“I find the grammar of justice maddening. It’s always “rendered,” “served,” or “done.” It always swoops down from on high — from God, from the state — like a bolt of lightning, a flaming sword come to separate the righteous from the wicked in Earth’s final hour. It is not, apparently, something we can give to one other, something we can make happen, something we can create together down here in the muck.”– Maggie Nelson, The Red Parts. Autobiography of a Trial, 2017.
When dealing with our colonial pasts, social inequalities, and legacies of oppression, the concept of transitional justice, as seen from the grammar of law, has historically been used to enable people to ‘overcome’ or ‘transition’ away from a given traumatic experience by means of a vast array of institutionalized practices. From prosecuting criminals, compiling, systematizing, and incorporating victims’ testimonials into one grand narrative — a strategy proper of modernity — to envisioning legal and social forms of ‘compensation’, what these understandings and practices have in common is that they take justice as a tool and a product of the state. In effect, however, by approaching justice in this way, these practices often overlook living realities, gradations, and fluctuations of violence, multifaceted experiences, and forms of subjectivity that cannot be expressed within their frameworks.
In its detachment from the living, breathing, multivocal communities and on-the-ground situations, the concept of justice (and transitional justice in particular) is often held hostage by state-apparatuses. A telling example is that of tribunals in South Africa where the stories of women and other marginalized groups remain voiceless/invisible. Many women, for example, were faced with the paradox of being asked to speak up and bring rapists to justice, which in turn placed them in greater danger of continued violence, not to mention the unwarranted state of vulnerability implied in the embodied act of reenacting traumatic experiences for the eyes of the ‘judicial arbiter’. As such, it is no surprise that many chose to remain silent. The kind of justice that these women were presented with only helped to create the illusion of dealing with violent histories; while making sure that production of injustice and a placebo pill for its ‘containment’ are both created and administered by the neoliberal state, ensuring the former’s legitimation through the apparent fulfilment of human rights. This is one case amongst many others where the inability of addressing nuances through an intersectional approach ends up translating into in-difference, separateness, and a conspicuous absence of plural voices – in this case, women’s voices.
Such “easy fix solutions” of moving “from – to” (Bell and O’Rourke 2007) through state-frameworks often go around structural inequalities and ongoing dependencies, they remain within the surfaces while ignoring the fact that what originated these forms of violence in the first place, remains active in the global present — to echo Denise Ferreira da Silva’s words. In most contexts, the processes of inequality are long-term and structural, and the legacies of coloniality are hardly contained within the binaries of retributive and restorative justice systems that stem from western epistemologies.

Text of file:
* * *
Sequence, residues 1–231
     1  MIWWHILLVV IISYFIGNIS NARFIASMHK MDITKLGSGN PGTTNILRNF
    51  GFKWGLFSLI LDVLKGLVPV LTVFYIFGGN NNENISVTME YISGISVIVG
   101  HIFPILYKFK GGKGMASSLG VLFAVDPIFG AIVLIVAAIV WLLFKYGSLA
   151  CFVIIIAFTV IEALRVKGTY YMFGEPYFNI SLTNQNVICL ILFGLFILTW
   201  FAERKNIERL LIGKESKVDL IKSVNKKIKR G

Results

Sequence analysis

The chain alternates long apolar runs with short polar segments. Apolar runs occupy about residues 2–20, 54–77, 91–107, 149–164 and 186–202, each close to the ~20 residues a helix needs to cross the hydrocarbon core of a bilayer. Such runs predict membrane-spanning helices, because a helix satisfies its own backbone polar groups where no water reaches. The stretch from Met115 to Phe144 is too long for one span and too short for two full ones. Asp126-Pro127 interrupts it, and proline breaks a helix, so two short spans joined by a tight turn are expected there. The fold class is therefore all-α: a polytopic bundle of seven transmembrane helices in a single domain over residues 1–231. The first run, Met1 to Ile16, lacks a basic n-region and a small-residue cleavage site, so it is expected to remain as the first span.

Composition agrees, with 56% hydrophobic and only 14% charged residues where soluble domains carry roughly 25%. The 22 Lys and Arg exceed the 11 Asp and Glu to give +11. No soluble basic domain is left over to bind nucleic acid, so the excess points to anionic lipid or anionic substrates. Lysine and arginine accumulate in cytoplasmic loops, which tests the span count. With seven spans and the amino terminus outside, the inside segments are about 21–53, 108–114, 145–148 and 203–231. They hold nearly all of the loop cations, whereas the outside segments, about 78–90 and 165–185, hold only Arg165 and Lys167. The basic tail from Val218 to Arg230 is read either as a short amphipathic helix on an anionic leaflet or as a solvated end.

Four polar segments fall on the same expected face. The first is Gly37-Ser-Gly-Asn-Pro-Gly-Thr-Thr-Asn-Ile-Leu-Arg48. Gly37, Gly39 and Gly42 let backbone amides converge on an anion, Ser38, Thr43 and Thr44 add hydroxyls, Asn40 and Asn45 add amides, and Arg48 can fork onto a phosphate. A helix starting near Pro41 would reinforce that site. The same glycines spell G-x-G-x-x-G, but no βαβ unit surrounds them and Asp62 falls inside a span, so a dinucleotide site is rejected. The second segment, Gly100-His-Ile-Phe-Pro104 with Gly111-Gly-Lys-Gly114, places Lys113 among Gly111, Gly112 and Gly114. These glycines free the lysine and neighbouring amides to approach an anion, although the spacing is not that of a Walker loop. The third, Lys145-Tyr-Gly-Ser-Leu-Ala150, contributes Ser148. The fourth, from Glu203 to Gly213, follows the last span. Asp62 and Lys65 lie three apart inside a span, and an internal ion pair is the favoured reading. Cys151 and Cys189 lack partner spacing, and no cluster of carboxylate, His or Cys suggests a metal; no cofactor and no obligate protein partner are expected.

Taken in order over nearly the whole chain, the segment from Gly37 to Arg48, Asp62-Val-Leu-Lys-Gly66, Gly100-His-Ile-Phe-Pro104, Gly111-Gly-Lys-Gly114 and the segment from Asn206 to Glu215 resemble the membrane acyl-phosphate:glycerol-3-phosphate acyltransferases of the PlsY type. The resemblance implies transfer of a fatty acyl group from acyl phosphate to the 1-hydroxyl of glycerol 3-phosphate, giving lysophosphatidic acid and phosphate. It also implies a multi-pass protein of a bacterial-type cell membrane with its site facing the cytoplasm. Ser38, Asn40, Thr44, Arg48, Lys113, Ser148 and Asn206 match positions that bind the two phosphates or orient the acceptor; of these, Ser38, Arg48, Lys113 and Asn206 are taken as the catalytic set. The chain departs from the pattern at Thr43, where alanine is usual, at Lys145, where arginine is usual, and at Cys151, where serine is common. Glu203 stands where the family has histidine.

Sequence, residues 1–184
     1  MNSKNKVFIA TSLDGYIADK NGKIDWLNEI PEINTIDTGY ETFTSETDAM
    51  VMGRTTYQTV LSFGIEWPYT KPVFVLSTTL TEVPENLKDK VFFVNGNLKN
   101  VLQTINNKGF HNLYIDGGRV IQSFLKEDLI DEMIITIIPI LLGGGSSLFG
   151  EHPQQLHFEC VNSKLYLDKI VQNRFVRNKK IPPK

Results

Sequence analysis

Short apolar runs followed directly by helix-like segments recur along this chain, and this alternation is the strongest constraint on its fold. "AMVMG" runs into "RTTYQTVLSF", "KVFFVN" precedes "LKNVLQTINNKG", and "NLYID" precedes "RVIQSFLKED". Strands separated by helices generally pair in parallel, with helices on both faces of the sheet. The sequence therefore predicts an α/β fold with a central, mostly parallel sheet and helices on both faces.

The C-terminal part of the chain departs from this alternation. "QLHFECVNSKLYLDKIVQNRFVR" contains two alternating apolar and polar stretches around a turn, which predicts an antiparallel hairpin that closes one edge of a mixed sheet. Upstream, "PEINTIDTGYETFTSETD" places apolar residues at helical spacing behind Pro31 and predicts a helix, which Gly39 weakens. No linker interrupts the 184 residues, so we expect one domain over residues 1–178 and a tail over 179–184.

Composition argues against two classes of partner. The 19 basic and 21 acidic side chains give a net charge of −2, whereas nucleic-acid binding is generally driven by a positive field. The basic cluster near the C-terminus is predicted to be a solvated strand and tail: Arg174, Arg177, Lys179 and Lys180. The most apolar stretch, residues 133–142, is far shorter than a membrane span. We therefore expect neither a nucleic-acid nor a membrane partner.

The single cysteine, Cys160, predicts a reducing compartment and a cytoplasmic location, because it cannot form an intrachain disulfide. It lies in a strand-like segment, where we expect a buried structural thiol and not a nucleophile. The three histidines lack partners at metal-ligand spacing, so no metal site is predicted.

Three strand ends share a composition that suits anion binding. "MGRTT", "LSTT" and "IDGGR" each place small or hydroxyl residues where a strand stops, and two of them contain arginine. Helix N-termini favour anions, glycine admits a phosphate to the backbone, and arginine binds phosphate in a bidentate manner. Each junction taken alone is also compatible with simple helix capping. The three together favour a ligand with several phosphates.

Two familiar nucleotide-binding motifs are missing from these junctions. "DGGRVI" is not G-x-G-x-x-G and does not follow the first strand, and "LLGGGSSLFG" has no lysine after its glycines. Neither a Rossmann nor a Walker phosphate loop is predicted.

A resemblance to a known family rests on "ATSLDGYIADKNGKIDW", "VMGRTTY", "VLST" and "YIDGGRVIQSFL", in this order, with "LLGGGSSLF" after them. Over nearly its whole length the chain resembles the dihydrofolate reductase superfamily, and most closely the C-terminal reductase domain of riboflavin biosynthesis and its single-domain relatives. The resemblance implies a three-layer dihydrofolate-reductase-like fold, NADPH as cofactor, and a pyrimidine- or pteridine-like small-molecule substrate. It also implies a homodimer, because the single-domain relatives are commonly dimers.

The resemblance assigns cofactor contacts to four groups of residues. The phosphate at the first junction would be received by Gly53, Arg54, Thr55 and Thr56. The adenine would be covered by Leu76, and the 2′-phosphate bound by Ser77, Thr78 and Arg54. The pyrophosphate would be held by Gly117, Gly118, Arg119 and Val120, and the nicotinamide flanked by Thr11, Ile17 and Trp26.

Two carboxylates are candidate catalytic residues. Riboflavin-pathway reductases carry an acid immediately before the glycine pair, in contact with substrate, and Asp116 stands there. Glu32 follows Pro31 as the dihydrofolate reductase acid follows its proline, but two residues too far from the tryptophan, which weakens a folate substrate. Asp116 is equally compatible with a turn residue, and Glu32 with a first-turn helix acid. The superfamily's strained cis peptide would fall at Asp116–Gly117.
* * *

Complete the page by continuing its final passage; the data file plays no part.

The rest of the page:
Centering on the idea that what is at stake in current neoliberal regimes is the dispossession of our ability to imagine, see, and desire differently, we are opening the call to papers, discussions, and artistic contributions that invite an alternative focus on ways of understanding and practicing justice and wound healing beyond the state structures (ways that already exist, albeit with limited visibility). As such, in this call, we are opening the field to thinking through/from/on art practices (among others) that aim to overcome justice as a process of going “from – to” as administered by the state and that go against the erasure of structural and colonial violence that this eurocentric western-centric binary entails. This could entail understandings of wound healing that surpass the tiresome formula for top-down effective repair, or even practices of what Eve K. Sedgwick (2002) has denominated as “reparative readings,” — readings of matters done “on the side of multiplicity, surprise, rich divergence, consolation, creativity, and love” (Love, 2010), wherein repair is not to be mistaken with compensating for the damage done.
Proposals (200-300 words) with attached résumés can be submitted until December 15th via firstname.lastname@example.org. Selected authors will be invited to write a 2,000 to 3,000-word paper (excluding notes). Authors who publish in Kunstlicht will receive three complimentary copies. Unfortunately, Kunstlicht is not able to provide an author’s honorarium. Two years following publication, papers will be submitted to the freely accessible online archive.
We also welcome image-based and experimental text contributions, as well as proposals for performances/installations/other works. The publication will be accompanied by a launch event in Amsterdam, coordinated by Emilie van Heydoorn, where selected works will be shown. We cannot, however, guarantee that all proposals will be given a stage and the editorial board reserves the right to decline contributions.